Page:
LONDON -- Connected Britain -- Tousle-haired Brexiteer Boris Johnson, the leading contender to be the next UK prime minister, doesn't seem like the most technologically sophisticated Etonian. He once turned up at Queen's tennis club in central London with a wooden racket from the Bjorn Borg era. This week, an article he wrote on broadband for the Daily Telegraph newspaper showed he is as clueless about fiber as he is about economics.
BoJo's plan to build "full fiber" networks everywhere by 2025 met with restrained laughter at today's Connected Britain event in central London, where most of the country's major broadband stakeholders are debating the challenges the UK's own blond political bombshell (as if the world needed more than one) has conveniently overlooked. "We want 15 million premises by 2025 and nationwide coverage by 2033 -- unless Boris is in and then maybe it's 2025," chuckled Greg Mesch, the CEO of fiber investor CityFibre, drawing a contrast between the UK's existing broadband targets and Johnson's crackpot scheme.
Where Mesch and Johnson would find agreement is on the UK's lag. If the country is not quite the broadband backwater described in Johnson's Telegraph article, it remains a long way behind leading European nations on full fiber coverage. Data from regulatory authority Ofcom suggested that about 7% of properties could access these networks in May. Coverage was 89% in Portugal and 71% in Spain back in 2017, noted the UK regulator.
Mesch and Johnson might also agree the UK desperately needs better connectivity in a post-Brexit world (although Johnson would probably resist using the word desperately). "The right fiber will spark 1% GDP growth across a city," said Mesch. "Why? Because we are a service economy based on the Internet and only fiber can compete in a digital world." In his Telegraph story, Johnson writes: "Every pound invested in full fiber broadband will lead to economic gains worth many times the cost."
Yet as the UK stumbles toward Brexit, it is at risk of making a BoJo-haired mess of connectivity. Duct and pole access, the regulator's scheme to give other companies access to BT's Openreach facilities, is still not a product that works at "scale," grumbled Mesch, despite recent changes. Vodafone, one of the country's big mobile network operators, continues to moan about limited access to Openreach's "dark fiber," which it would like to use for mobile "backhaul" connections between basestations and the core network. Low-cost fiber backhaul will be essential when 5G is more widely available, it says.
When it comes to 5G, the UK is now in the process of widening the digital divide by concentrating deployment on relatively affluent cities and towns. Sticking up a few 5G masts in urban areas allows operators to boast a 5G headstart over European countries yet to launch services. But markets such as France and Spain, with their underlying full-fiber networks, look better prepared for a nationwide extension of 5G.
"My sincere message to Britain is to treat 5G as a critical national infrastructure," said Arun Bansal, the head of Ericsson's business in Europe and Latin America. "With Brexit looming, for Britain to be attractive it needs digital infrastructure that is ahead of the rest of Europe, and for that we need wider investment to happen as soon as possible."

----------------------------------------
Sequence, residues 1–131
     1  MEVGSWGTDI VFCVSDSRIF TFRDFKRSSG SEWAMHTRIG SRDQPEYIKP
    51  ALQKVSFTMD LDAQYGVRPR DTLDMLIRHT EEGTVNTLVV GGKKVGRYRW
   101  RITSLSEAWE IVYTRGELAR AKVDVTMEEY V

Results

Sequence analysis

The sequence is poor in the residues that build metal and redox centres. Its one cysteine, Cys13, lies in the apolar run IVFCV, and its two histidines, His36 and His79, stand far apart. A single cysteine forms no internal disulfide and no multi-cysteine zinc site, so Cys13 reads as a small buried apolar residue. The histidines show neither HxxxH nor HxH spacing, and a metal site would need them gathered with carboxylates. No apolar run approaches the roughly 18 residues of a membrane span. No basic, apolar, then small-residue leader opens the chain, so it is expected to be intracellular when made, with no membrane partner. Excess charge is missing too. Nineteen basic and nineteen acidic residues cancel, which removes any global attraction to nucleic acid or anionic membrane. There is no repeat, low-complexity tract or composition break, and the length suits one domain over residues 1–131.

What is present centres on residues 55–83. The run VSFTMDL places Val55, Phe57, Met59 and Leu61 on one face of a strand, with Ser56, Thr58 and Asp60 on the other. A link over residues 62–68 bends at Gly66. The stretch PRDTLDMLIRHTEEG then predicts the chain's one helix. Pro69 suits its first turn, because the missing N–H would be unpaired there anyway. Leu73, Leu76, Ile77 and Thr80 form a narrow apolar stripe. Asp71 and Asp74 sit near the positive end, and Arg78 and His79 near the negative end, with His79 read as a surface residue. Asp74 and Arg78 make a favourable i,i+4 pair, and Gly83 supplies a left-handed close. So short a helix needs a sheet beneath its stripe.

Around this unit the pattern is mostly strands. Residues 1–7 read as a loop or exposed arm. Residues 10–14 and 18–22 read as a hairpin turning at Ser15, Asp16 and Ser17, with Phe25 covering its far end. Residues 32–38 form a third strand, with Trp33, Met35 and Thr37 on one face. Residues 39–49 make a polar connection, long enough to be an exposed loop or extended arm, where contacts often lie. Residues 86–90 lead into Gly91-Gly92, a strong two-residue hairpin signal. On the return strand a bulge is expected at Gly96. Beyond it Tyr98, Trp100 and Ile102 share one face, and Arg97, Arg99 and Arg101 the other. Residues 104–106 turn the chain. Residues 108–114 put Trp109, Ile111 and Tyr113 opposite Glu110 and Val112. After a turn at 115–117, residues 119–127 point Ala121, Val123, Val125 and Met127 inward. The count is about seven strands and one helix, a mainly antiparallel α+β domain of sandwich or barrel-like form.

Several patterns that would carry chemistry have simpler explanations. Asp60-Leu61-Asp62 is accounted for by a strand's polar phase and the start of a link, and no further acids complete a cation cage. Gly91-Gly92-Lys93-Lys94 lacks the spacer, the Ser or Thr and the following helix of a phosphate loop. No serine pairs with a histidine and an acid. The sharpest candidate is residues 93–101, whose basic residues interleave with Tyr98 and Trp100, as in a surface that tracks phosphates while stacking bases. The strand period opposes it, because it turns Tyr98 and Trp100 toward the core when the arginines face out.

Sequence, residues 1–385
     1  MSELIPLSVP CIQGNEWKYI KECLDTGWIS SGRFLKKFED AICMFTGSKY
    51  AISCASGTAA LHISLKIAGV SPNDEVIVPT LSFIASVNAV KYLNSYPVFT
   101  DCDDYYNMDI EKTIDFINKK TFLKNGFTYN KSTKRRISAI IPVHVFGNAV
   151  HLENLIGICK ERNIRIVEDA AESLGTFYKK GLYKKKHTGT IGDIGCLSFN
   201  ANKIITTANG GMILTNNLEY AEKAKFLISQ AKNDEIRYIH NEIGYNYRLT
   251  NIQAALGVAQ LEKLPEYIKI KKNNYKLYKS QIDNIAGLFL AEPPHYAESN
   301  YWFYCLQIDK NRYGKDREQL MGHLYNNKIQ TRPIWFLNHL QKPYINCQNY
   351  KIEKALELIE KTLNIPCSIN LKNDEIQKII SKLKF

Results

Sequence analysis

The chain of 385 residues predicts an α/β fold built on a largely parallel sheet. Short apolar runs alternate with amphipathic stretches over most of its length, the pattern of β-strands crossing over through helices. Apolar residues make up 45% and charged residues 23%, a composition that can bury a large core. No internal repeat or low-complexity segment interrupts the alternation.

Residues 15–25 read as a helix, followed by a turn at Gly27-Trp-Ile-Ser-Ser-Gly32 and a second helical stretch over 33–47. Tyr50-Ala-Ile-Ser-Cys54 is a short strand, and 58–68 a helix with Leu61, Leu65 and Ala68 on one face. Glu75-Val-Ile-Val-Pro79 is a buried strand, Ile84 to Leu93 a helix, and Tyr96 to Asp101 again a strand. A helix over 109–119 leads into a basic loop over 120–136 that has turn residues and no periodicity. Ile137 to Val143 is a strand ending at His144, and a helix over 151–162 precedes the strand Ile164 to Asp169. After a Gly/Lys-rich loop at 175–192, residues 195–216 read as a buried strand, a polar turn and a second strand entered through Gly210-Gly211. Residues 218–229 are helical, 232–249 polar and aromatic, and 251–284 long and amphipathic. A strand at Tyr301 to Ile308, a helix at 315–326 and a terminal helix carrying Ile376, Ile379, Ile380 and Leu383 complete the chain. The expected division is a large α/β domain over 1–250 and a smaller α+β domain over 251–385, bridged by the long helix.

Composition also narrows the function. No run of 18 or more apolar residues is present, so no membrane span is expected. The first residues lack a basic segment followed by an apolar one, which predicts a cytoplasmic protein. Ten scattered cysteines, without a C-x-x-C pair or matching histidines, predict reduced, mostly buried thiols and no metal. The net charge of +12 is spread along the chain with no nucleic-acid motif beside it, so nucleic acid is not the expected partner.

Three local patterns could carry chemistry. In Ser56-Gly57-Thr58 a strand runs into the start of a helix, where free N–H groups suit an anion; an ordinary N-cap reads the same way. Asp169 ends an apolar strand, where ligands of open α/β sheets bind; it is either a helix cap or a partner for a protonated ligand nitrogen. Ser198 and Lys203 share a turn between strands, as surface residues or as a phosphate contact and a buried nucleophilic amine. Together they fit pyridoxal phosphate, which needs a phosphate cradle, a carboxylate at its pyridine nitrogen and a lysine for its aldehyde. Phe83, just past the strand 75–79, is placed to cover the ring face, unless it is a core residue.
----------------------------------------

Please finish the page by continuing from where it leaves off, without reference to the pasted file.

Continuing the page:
Of course, a faster rollout would suit one of the world's largest vendors of 5G gear. But the Ericsson executive raises some valid concerns about the difficulty of obtaining planning permission for infrastructure projects in the UK. "The cost of deploying infrastructure in the UK is higher than in Asia and the US," he said. "In the US last year, the FCC mandated easy access to government infrastructure to deploy 5G fast and that is providing a significant advantage. We need similar regulations in the UK."
Scott Petty, the chief technology officer of Vodafone UK, has made similar observations in the past. One sore point is the restriction on mast height in parts of the UK, making coverage a challenge. Such nimbyism is less evident in other European countries, says Vodafone.
Ofcom has announced plans for a shake-up, but drawn-out consultations over the details could swiftly erode any 5G lead it currently boasts. Asked by Light Reading about plans for the densification of mobile networks -- to support 5G services on shorter-range spectrum -- Derek McManus, the chief operating officer of O2, highlighted regulatory constraints. "The discussion with the government is about creating an environment where it is easier to invest, and we have talked about rural coverage and the policy changes required to ensure densification can happen without barriers," he said.
As with Brexit, getting everyone to arrive at some form of sensible compromise will be tough -- not least when it comes to Openreach. "I know some of you were late and I'll give you Greg's presentation in two seconds: We like competition unless you are competing against us," said a combative Neil McRae, BT's chief architect, after sitting through a presentation by the CityFibre CEO that slammed BT for monopolistic behavior. "That is all you need to know. Greg just doesn't like us competing with him." With BoJo in charge, a no-deal Brexit on the cards, and operators bickering over broadband, Britain can confidently anticipate further mayhem.
- Ericsson Blames Pricey Mobile Auctions for Crippling Europe's Tech Sector
- Vodafone Pooh-Poohs Ofcom's Dark Fiber Deal as 5G Looms
- BT Needs a Kick in the Ducts
- US 'Miles Behind' China & UK on 5G, Says Vodafone UK's CTO
- Eurobites: Openreach Seeks Feedback to Further Full-Fiber Plans
— Iain Morris, International Editor, Light Reading